Whether they are awaiting GCSE or A Level results, many kids put a lot of pressure on themselves to do well and ponder what is coming up next in their lives.
So how do you know when you, as a parent, need to step in and ensure they aren’t dealing with worries alone?
What can parents do to calm their children ahead of exam results?
Jo Hardy, head of parent services at children’s mental health charity YoungMinds said it’s important parents stay calm, especially if their child is becoming worried or even panicked.
Acknowledge the worry.
An NSPCC spokesperson said: “The wait for exam results can be stressful for children but encouraging them to talk about their worries can help them feel calmer and less anxious.”
Hardy added that it’s important parents acknowledge their child’s worries and reassure them that they will be there, whatever the results.
“Try to steer clear of vague or dismissive reassurances that don’t engage with their fears,” she told HuffPost UK.
“Talk to your child about what they feel would be helpful for them at this time. Make sure they know you are there whenever they want to talk about it and you will be there no matter what the results are.”
“Encouraging them to talk about their worries can help them feel calmer and less anxious."”
Encourage them to think about their options.
The NSPCC spokesperson said parents should encourage children to take their time to think about what they’d like to do, before they get their results.
“Help them write down the pros and cons of every option and make sure they don’t rush into a decision,” they advised.
“If they find it hard to talk to you perhaps they can speak to another family member or teacher, and they can always contact Childline 24/7 for advice and support.”
Don’t put pressure on them.
“Try not to place unnecessary pressure on your child to gain certain grades and if they are disappointed with their results let them know you are there to support them,” the NSPCC advised.
“Whatever results they get, they will have a lot to think about and it’s important to remind your child not to panic and that there are always options available.”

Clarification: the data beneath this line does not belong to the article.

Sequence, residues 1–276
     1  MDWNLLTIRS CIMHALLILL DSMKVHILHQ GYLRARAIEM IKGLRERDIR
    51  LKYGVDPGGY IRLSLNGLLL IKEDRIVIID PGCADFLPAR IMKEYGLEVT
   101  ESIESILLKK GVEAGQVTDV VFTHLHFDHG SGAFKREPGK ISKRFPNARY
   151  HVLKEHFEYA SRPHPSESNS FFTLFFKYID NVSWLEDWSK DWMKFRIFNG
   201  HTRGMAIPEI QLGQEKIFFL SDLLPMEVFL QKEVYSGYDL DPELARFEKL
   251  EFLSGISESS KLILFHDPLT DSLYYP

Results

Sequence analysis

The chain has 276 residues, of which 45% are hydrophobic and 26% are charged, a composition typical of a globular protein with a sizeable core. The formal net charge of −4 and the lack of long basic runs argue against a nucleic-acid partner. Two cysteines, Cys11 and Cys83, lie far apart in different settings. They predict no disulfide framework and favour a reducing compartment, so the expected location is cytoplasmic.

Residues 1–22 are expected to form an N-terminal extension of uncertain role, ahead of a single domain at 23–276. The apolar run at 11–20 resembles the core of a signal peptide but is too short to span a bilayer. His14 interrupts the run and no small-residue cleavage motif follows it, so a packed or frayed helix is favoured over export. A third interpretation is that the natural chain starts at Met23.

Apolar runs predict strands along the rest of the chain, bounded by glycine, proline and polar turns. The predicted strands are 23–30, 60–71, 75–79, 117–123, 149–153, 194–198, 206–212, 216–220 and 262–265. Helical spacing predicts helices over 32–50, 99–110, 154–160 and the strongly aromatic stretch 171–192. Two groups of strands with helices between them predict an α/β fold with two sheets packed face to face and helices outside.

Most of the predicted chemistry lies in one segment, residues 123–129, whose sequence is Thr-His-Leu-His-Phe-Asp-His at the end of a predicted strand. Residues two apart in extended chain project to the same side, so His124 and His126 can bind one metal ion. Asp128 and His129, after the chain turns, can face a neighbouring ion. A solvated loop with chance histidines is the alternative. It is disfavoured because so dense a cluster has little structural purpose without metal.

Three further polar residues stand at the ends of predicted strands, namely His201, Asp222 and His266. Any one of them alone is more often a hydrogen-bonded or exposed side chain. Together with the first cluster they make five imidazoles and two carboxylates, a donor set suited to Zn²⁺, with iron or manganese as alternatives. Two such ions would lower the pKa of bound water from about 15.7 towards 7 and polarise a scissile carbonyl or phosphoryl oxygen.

Hardy agreed, adding: “Being mindful of your own thoughts and feelings can also be important.
“Even if you’re sure they’ve got nothing to be afraid of, be careful not to add to any pressure on them. Instead, re-enforce how proud you are of the effort they have put in.”
Find distractions for them.
Having acknowledged how they are feeling, it can be helpful to find distractions for your child in the weeks leading up to their results.
“Take a trip or do something you like to do together to pass the time, without thinking about looming results,” said Hardy.
“You could also explore ways in which they can relax and self-soothe. What works will be different for every child, but examples might include reading a book, having a bath or listening to music.”
Have your own support network
As a parent it’s natural to feel worried about your child’s results if their future college or university are dependant on them.
But try not to reflect this around your child, advised Hardy. “Make time to talk this through within your support network, whether this is with your partner, friends or other family members,” she said.
What should parents do on exam results day?
Kids may be withdrawn and quiet, or exhilarated and fired up on the day of their results.
“Take the lead from your child about what they want to do on the day, and be there as much or as little as they want you to be,” Hardy said.
“Sometimes it can be useful to have a plan for the day, so that if they don’t get what they’re expecting, there is no pressure to go out and celebrate when they are feeling upset or anxious about the future.
“Schools, colleges and universities are generally equipped to support young people on exam day in discussing their next steps. Encourage your child to work with them to explore all the options they have available.”
What should parents do if their children don’t get the results they were hoping for?
Teenagers disappointed with their results may feel scared about the future and embarrassed to face their friends and family.
Hardy said they may have feelings of anger, isolation and hopelessness. They may also dwell on their disappointed feelings and be uncertain about what to do next.
“It is important at such times to respect that they may need time and space to reflect on their results and when they are ready, you can help them to move on and create a new plan,” she said.
“This is not the end for them, there are many different avenues to explore and everyone is different and will be good at different things.”
Teens will need both encouragement and reassurance, as well as knowing their parents are there to talk to them and help them make an informed decision about what to do next.
“It can also be helpful to reassure them that there are other options and that exam results are not the only thing that employers look at,” said Hardy.
“Plenty of successful people have got to where they are without getting straight As or achieving academically.”
If you are worried that your child’s feelings remained heightened for some time after the exams and start to impact on your child’s day-to-day life, it is a good time to raise concerns with your GP.